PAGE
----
At the same time, the stress-induced migrations negatively affect the health and productivity of livestock, leading to a significant increase in livestock mortality during drought periods. As the health of the livestock deteriorates, pastoralists resort to selling animals, thus crowding the market and leading to a drop in prices. This reduces the income of the pastoral households at a time when prices of all other consumables tend to go up, hence weakening the purchasing power of the pastoralists. The end results are loss of assets, destitution and, finally, dropping out from pastoralism. 'Drop out' pastoralists tend to migrate to urban settlements to access humanitarian relief and other basic social services. These situations create a sub-group of the population around large towns and villages who lack the skills to take part in economic activities in their new settings.

Communities living in adjacent border areas are often inter-dependent (in terms of culture and ethnicity, language, sharing common resources, trade and marketing routes), and the causes of their poverty are inter-linked. This is particularly the case in pastoral areas where pasture and water need to be accessed by resource users on both sides of the border. Furthermore, communities sharing a common border are faced with similar environmental conditions, socio-economic constraints and risk profiles. Effective natural resource management, conflict management and development work therefore requires joint action. Of particular relevance to the Somaliland-Ethiopia Cross Border Drought Preparedness Project are issues of trade, charcoal production, livestock trekking routes and water points. For example, poverty reduction in border areas cannot be achieved without peacebuilding, and most conflicts have a cross-border dynamic. As well as mitigating risk (conflict, disease), cross-border work can also add value, by opening up social/economic opportunities (trade, natural resource management (NRM), education) - this is particularly the case given the trade routes and links between Somaliland and Ethiopia.

Project strategy

The principles of cross border programming as applied to the Ethiopia-Somaliland Cross Border Drought Preparedness Project have largely been developed from prior thinking and consultations over a period of years. The programme strategy is based on Oxfam GB's 'one programme' approach and Oxfam GB's and HAVOYOCO understanding that the cross border project should be:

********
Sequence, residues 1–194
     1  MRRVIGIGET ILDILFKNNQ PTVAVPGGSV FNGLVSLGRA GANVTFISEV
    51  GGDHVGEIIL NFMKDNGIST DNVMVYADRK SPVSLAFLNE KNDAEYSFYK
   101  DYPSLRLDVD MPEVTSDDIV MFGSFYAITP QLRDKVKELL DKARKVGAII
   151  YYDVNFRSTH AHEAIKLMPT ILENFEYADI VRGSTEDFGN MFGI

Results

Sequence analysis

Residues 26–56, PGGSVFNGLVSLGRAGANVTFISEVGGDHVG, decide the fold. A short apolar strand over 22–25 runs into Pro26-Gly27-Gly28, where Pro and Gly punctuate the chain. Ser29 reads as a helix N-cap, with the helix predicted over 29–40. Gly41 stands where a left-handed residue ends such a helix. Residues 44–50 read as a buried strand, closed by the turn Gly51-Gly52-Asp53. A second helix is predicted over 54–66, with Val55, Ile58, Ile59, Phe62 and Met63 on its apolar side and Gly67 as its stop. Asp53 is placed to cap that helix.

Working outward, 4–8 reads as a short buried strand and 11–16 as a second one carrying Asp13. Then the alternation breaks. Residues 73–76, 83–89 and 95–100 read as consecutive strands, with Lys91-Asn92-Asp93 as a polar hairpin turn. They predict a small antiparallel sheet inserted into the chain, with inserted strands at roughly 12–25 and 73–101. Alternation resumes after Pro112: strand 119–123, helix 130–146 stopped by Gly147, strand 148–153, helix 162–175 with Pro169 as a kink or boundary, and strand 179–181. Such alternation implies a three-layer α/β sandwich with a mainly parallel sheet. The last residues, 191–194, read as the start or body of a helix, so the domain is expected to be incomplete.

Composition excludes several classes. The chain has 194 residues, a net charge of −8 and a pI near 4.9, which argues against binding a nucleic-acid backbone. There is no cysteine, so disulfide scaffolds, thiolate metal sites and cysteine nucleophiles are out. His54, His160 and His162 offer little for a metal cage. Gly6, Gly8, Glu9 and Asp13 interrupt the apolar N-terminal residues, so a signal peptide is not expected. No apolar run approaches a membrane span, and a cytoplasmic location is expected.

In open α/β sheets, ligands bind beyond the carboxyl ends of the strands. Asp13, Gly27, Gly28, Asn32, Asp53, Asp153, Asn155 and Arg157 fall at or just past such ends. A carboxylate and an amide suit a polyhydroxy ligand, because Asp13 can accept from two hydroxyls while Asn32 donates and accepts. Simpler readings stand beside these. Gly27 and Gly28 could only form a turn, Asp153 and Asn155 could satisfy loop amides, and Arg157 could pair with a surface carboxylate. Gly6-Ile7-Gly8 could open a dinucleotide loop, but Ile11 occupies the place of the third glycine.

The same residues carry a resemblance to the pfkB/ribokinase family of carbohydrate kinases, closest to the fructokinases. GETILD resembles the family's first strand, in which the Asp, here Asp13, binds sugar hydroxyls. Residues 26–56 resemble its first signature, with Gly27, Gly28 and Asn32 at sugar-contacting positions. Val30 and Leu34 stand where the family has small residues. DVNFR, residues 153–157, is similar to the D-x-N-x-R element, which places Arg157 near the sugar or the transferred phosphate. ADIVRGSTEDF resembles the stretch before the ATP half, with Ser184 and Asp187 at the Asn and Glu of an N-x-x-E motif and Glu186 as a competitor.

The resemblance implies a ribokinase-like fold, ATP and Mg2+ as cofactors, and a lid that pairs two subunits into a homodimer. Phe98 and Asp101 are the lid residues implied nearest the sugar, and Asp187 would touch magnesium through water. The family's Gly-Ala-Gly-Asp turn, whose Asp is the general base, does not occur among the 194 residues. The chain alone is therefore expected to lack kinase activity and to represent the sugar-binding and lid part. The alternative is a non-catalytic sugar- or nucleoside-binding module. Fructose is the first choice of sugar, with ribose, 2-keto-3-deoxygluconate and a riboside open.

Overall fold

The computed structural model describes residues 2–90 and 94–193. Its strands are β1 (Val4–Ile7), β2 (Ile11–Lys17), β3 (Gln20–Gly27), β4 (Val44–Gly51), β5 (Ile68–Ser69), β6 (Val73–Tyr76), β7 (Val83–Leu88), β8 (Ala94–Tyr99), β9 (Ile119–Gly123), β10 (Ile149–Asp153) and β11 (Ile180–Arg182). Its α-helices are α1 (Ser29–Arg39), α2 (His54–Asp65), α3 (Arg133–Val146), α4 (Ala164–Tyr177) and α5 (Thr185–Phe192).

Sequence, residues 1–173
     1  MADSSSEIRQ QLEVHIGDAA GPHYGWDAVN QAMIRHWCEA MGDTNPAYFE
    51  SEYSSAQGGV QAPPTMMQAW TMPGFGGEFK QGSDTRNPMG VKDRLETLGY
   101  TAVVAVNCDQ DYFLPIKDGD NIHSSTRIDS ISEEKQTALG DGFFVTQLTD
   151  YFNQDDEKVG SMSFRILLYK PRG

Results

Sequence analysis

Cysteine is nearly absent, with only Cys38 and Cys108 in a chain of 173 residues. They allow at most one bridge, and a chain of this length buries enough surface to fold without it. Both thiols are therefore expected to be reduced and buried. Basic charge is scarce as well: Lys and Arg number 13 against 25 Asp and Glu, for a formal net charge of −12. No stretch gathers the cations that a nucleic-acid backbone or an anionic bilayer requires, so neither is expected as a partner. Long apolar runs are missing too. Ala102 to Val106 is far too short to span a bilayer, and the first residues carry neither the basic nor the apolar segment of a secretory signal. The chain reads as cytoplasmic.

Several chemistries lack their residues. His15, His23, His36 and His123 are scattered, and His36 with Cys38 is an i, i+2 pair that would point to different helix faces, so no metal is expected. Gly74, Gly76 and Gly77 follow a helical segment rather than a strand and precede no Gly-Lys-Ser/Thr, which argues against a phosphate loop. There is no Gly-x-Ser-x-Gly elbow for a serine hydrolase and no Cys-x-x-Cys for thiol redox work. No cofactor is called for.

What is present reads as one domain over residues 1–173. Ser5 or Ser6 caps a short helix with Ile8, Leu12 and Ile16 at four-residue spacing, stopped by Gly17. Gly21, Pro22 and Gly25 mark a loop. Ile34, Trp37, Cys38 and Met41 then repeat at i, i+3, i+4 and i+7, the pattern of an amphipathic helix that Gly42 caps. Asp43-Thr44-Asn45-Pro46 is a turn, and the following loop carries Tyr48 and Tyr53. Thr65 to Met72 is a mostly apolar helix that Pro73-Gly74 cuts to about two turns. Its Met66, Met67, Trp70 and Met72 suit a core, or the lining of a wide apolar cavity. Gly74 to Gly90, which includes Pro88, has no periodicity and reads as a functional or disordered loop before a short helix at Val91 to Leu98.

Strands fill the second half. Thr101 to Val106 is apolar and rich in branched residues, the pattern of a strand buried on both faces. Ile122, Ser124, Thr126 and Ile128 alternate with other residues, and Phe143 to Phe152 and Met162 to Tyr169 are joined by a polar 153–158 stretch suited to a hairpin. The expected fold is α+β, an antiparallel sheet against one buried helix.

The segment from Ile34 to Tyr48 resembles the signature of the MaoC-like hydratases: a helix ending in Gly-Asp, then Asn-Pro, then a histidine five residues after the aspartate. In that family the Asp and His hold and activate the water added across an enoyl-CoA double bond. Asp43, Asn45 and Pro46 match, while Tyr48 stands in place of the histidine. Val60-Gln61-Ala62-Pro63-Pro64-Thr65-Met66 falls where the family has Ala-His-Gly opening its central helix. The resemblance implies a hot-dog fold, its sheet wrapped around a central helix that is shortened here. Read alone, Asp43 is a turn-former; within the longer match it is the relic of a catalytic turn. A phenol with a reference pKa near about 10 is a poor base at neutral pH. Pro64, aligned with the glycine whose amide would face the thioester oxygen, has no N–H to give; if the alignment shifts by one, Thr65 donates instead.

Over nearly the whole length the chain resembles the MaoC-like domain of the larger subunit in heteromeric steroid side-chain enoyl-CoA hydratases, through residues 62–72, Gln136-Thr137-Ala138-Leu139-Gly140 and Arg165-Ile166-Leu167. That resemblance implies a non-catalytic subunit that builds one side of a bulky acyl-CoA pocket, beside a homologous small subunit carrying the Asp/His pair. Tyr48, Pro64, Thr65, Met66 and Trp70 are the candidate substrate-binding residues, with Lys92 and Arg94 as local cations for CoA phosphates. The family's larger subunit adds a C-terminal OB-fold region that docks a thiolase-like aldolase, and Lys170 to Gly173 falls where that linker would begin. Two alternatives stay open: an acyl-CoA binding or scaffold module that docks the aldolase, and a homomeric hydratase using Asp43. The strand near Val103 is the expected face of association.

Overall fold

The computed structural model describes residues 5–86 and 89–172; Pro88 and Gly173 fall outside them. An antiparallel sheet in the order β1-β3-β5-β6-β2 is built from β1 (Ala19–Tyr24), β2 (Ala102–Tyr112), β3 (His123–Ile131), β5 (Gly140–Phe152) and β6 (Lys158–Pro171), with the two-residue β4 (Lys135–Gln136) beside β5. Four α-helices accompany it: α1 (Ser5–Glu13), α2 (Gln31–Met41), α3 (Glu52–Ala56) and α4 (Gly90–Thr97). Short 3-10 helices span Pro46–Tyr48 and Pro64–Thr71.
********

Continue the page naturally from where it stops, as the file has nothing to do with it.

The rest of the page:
Watering camel from a birkad in the Harshin-Somali region

Situation analysis

Assessments carried out in Ethiopia in January and March 2009 in Harshin Woreda and in Somaliland during the first week of May 2009 were instrumental in informing the proposal put to ECHO for the second phase of the cross border project. The findings revealed that vulnerable pastoral households were facing increasing livelihood erosion as droughts became more frequent and coping capacity extremely weakened. Communities identified the effect of drought on vulnerable households as a core problem, highlighting that lack of proper, integrated management of natural resources (water and rangeland) leads to scarcity of water and pasture, as well as natural resource and environmental degradation. The assessment also identified privatisation of communal grazing land, limiting mobility and availability of resources, poor access to basic social services, erosion of social capital and resource based conflict as interrelated problems associated with the effect of drought.

Within the current disaster management system (on the Somaliland side) there is a functioning, although often ad hoc, disaster management coordination structure and a food security and nutrition information system. However, the absence of government in a central strong position is a clear limitation in relation to effectiveness, efficiency and sustainability. Furthermore, little attention has been paid to strengthening of the organisational capacity of community-based institutions to participate in the decision-making process in respect of matters affecting their welfare. In relation to this, women in pastoral societies are highly marginalised and face multiple burdens in terms of bearing responsibility for most productive and reproductive tasks, while lacking comparable authority over productive resources and decision making processes. These burdens tend to increase during times of drought stress and conflict. Preparedness planning and capacity is seen as an urgent need.